An “ova and parasites exam”, which is a common laboratory test, looks for several tiny parasites that are not harmful to humans and are not caused by bacteria. Infection with Helicobacter pylori, for example, may be detected by stool testing; this is the bacteria that is most well-known for its role in the development of stomach ulcers and other digestive problems. In addition, doctors can use stool tests to detect an elevated level of a protein called faecal calprotectin, which is a reliable marker for intestinal inflammation, to determine if you have (or are experiencing a flare-up of) Crohn’s disease or ulcerative colitis, both of which can be life-threatening conditions.
There are a few things that stool tests are not capable of diagnosing:
The results of stool tests can be helpful in the identification of many conditions; nevertheless, your faeces do not give a full picture of your general health and well-being. In the same manner that tea leaves can be read, faeces have the potential to be read as well. Although different companies and service providers assert that stool tests may reliably diagnose the following conditions, there is no persuasive scientific evidence to support this claim.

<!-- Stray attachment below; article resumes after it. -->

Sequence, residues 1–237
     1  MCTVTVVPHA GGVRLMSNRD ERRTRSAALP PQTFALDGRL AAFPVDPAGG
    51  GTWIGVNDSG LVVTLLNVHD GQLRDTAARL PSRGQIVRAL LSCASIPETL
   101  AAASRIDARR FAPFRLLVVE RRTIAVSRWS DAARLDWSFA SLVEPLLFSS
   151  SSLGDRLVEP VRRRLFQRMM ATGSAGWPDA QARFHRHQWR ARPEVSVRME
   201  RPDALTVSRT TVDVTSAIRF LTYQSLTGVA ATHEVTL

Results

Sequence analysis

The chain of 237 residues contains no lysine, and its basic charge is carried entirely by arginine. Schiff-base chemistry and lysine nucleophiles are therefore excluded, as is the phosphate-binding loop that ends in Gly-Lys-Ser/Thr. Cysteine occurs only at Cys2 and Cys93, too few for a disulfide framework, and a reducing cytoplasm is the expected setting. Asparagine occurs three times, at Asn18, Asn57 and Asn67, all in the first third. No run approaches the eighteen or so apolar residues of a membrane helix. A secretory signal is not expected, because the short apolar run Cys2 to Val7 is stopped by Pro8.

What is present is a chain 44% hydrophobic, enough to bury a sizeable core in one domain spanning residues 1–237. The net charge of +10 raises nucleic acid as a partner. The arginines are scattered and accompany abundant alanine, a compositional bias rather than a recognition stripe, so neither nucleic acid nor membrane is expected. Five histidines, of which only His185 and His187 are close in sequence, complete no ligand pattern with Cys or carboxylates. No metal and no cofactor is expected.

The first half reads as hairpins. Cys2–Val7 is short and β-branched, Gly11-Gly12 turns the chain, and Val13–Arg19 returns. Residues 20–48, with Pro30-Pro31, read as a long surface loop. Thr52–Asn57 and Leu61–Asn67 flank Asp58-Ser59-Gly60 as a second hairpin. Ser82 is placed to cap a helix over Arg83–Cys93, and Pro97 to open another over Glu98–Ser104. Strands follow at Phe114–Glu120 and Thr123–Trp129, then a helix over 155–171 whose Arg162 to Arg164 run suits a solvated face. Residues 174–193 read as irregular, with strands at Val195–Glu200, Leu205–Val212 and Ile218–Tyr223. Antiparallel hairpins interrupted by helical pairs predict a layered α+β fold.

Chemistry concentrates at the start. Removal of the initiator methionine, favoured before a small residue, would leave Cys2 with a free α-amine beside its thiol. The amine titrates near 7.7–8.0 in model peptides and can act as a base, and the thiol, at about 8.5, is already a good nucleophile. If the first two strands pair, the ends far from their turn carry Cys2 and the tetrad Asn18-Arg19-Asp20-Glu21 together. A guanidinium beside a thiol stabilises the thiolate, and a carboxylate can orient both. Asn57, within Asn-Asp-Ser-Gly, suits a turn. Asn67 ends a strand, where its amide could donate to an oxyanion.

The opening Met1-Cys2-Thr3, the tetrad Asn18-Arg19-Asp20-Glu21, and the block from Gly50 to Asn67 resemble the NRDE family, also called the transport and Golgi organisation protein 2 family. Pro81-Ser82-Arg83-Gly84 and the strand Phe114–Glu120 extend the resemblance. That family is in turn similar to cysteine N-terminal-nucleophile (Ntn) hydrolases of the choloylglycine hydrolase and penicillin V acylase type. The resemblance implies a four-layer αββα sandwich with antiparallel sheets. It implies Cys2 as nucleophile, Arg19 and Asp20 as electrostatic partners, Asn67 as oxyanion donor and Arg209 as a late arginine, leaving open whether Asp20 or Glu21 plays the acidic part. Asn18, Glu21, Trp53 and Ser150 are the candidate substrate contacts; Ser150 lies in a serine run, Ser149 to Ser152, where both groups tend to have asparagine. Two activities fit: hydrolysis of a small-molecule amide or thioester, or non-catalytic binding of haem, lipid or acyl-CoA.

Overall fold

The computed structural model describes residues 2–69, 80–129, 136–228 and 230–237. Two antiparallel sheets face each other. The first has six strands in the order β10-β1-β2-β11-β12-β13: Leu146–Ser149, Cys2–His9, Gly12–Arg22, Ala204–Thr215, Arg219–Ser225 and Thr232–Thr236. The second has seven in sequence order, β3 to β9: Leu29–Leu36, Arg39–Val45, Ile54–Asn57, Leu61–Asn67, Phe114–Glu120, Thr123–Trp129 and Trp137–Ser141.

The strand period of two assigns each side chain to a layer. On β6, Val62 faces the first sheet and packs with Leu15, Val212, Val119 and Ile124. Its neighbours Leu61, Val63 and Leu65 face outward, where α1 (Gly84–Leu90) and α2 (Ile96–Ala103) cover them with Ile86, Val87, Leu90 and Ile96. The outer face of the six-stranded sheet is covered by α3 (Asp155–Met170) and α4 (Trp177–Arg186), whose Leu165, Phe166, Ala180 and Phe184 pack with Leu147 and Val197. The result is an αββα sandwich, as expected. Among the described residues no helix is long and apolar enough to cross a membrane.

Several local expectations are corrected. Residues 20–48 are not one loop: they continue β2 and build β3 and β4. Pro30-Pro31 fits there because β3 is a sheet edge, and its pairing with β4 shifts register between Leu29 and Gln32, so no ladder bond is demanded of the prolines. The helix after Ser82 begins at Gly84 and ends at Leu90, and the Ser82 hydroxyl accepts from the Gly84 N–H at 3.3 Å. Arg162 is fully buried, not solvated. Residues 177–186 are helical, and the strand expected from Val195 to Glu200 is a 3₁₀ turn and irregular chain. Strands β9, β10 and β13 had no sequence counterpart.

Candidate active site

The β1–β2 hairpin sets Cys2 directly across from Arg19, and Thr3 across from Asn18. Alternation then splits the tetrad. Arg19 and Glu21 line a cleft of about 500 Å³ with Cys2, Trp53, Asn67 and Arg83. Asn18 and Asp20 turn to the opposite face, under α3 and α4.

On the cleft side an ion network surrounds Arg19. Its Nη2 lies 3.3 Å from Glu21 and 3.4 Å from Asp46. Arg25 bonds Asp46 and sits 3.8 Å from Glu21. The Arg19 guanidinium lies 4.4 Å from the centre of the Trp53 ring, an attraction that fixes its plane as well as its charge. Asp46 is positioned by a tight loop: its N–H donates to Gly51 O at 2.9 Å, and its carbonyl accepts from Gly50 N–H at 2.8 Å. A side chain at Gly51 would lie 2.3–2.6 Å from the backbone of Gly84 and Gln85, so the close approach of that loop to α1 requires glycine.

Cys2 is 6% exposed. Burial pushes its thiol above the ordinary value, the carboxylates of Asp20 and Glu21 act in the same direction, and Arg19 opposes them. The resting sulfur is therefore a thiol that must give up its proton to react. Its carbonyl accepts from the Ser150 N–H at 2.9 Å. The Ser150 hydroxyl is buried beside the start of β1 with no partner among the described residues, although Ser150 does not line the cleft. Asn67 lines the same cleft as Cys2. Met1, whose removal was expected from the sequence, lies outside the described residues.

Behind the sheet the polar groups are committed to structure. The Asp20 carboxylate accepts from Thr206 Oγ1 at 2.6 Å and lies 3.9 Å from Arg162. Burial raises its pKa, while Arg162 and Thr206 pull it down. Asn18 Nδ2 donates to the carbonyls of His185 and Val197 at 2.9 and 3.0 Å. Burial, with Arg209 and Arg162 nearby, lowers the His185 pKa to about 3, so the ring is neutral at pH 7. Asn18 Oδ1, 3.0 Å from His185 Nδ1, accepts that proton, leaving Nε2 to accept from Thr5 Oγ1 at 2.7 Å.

To diagnose lactose intolerance, celiac disease, “gluten sensitivity,” or any other type of food allergy or digestive food sensitivity, stool analysis must be performed. However, this is not a scientifically credible approach of diagnosing these disorders. Anyone who argues otherwise is expressing a personal point of view that is not backed up by evidence or facts. So, stool tests are unable to give any evidence-based recommendations about the kind of foods you should consume. Learn more about microbiomes, pathology testing, gut bacteria and much more from pathologytesting.com.au
As an additional point of clarification, while stool samples can provide information about the organisms that live in your colon or large intestine, they are unable to provide information about the organisms that live in your small intestine or whether you have an abnormally high number of them residing there. Anyone who claims to be able to diagnose an illness known as small intestinal bacterial overgrowth (or SIBO) based only on a stool sample is engaged in a very unethical practice known as alternative facts in today’s world of information.’Dysbiosis’ is a phrase that is widely used to describe a bacterial inner ecology that is harmful to the gut; you’ll see it cited frequently in the findings of commercially available stool tests, which are available online. However, it is not a scientific expression in the strictest sense, and it may be used for a broad variety of scenarios and circumstances. Examples of outcomes of low levels of diversity include low levels of bacterial species variety in general, low levels of presence of certain species known to promote good health, and high levels of abundance of species and strains linked to illness, all of which are possible outcomes of low levels of diversity.